Australians overwhelmingly feel unprepared for retirement amid government tinkering in the superannuation system.
New research, commissioned by financial advisers MLC, finds just one in six Australians are confident about their retirement nest egg.
About two-thirds believed they were unprepared financially for retirement.
This was despite Australia’s incredibly strong superannuation savings system, MLC’s superannuation and investments manager Paul Carter said when releasing the research on Monday.
Too much political debate around superannuation was focused on annual tax concessions and ignored dramatic changes to workforce participation, increasing health costs, and patterns of wages.
“Our superannuation system has been the envy of the world but, despite this, superannuation has been the subject of political whims for too long,” Paul Carter, National Australia Bank’s head of superannuation platforms, said in an interview with The Australian.
“Too often the debate has focused on the year-to-year changes in tax concessions in our retirement system despite the fact that it is yet to fully mature.”
“Superannuation has been the subject of political whims for too long,” Mr Carter said.
“The end result has been constant tinkering, or significant unanticipated change, which has left Australians feeling uncertain about their retirement.”
Mr Carter’s comments come after PwC’s head of superannuation, David Coogan, told The Australian that many of the firm’s clients were cutting back on their extra super contributions to super as they had been “spooked” by the budget changes.
The budget announcement involvement an immediate cap of $500,000 on post-tax contributions to superannuation, with contributions calculated from July 1, 2007.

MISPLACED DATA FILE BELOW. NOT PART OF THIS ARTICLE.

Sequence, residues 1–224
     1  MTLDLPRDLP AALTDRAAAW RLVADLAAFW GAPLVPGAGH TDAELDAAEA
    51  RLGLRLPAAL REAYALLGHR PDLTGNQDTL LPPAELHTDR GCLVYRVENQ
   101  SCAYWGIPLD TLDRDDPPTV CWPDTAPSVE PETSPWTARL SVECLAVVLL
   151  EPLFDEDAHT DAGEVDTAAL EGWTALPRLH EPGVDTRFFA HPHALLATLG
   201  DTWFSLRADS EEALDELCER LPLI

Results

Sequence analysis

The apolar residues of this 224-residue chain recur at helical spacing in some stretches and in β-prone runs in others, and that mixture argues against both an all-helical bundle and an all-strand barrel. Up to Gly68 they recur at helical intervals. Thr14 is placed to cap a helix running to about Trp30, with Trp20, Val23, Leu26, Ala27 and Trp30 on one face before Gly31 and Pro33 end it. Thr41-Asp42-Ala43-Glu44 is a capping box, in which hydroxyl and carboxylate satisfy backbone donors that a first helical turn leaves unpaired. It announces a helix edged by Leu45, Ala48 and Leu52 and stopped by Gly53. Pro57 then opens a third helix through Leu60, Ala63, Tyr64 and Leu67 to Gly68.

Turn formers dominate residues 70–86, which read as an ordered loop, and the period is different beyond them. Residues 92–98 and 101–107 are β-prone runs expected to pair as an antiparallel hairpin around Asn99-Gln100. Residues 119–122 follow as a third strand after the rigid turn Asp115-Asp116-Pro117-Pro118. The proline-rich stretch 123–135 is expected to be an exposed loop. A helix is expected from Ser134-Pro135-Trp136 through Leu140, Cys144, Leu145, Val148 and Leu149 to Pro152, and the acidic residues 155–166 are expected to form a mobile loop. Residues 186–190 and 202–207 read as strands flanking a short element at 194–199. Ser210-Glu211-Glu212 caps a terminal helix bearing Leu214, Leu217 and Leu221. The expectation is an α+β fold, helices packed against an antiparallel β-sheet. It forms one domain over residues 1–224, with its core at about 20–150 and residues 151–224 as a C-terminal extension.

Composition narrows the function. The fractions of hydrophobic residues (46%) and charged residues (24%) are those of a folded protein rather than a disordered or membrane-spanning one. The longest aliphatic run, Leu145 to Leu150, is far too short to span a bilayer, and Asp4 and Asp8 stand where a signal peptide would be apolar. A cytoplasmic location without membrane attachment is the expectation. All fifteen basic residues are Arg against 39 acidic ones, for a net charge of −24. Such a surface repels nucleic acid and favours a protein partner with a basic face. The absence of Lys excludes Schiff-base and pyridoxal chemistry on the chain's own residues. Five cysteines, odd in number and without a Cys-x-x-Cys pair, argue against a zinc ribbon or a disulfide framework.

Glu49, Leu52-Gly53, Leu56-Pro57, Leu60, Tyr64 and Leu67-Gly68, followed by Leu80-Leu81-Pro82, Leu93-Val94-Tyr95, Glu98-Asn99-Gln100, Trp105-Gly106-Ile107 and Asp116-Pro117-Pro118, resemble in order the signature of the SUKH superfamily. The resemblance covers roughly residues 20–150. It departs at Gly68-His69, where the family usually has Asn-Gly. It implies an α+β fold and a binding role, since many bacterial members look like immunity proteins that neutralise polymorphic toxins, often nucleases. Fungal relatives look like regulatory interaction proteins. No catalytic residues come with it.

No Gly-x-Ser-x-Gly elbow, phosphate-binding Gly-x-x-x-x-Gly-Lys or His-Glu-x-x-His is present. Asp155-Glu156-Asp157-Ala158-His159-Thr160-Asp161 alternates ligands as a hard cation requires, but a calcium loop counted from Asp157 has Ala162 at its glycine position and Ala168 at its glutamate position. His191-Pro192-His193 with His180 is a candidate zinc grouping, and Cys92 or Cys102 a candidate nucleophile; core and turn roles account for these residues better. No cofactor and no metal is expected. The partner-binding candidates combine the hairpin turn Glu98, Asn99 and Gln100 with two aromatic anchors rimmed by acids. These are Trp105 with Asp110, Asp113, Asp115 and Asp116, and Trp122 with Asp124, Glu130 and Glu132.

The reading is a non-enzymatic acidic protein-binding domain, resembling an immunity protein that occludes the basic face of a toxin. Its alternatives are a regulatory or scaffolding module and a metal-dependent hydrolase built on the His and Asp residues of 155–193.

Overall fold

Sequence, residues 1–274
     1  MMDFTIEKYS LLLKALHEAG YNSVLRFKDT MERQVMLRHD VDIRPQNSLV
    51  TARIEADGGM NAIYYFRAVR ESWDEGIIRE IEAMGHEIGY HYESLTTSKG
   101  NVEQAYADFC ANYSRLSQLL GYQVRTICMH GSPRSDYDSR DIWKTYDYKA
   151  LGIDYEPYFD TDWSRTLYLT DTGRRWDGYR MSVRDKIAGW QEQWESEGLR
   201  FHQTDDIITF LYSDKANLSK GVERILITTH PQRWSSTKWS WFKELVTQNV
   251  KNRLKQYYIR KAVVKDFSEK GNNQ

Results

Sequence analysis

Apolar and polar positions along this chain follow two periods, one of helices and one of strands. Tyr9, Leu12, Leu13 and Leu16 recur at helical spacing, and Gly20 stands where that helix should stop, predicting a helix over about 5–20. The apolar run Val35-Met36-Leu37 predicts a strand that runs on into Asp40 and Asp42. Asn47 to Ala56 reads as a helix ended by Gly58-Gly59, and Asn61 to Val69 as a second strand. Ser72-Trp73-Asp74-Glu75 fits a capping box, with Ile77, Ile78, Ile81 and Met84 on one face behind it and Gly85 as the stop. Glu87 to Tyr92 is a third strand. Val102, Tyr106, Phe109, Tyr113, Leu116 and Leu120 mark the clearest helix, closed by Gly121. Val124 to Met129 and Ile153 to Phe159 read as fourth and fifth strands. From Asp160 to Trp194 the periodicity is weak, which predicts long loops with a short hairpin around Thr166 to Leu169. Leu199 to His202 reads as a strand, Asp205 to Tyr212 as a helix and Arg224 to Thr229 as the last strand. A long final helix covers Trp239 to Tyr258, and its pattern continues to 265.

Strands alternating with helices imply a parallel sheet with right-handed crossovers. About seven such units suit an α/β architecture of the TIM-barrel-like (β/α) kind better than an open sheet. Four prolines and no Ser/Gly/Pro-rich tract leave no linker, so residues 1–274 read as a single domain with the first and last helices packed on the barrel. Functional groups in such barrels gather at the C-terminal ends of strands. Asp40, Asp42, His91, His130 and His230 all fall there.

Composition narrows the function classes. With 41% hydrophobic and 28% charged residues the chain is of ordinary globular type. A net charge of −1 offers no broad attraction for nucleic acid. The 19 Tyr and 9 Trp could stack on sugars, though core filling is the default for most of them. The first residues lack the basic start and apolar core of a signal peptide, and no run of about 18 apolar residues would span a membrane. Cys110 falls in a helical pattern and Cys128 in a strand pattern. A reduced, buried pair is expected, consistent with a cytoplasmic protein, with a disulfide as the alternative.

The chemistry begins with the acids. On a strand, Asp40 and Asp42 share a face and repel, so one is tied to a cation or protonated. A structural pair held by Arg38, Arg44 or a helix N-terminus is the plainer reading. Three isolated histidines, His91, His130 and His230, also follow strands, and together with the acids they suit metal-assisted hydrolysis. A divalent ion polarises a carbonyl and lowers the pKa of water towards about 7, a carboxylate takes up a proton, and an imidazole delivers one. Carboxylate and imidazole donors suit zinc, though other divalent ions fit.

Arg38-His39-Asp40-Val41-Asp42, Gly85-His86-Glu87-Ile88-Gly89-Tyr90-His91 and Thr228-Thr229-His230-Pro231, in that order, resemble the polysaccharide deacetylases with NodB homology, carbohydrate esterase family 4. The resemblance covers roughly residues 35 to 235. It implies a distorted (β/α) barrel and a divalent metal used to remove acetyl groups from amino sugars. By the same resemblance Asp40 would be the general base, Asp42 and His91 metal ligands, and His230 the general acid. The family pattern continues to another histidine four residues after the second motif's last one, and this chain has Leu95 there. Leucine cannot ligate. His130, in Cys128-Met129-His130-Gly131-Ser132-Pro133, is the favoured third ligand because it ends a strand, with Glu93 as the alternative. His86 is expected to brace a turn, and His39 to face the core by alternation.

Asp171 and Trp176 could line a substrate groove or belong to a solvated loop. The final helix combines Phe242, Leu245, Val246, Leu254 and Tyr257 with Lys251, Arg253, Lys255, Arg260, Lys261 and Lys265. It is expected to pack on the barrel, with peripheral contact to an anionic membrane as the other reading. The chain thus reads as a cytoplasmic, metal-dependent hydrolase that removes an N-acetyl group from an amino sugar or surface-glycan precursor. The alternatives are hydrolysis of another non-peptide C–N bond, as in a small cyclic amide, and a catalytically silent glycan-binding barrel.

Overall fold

They also involve a proposed cap of $1.6 million on the amount of money which can be put into a tax free super fund as well as a proposed cut in the concessional superannuation limits from $30,000 a year and $35,000 a year for people over 50 to $25,000 a year.
Mr Coogan said the big impact was being felt in the post-tax contributions to super with people cutting back on their extra contributions even if they were below the $500,000 cap.
“We are finding that people have put off their voluntary contributions into super,” he said.
“They have either slowed down or stopped adding extra contributions to super over the last few months.”
As the government faces an internal backlash over policies to rein in superannuation tax breaks, MLC said there was a need to limit tax concessions for the most wealthy retirees.
However, it also argued the system should have the overarching aim of encouraging people to save enough for an “adequate” income in retirement, rather than to supplement or substitute the pension, as the government is proposing.
The wealth manager’s definition of “adequate” is about 70 per cent of pre-retirement income, capped at roughly $95,000 a year for the sake of equity.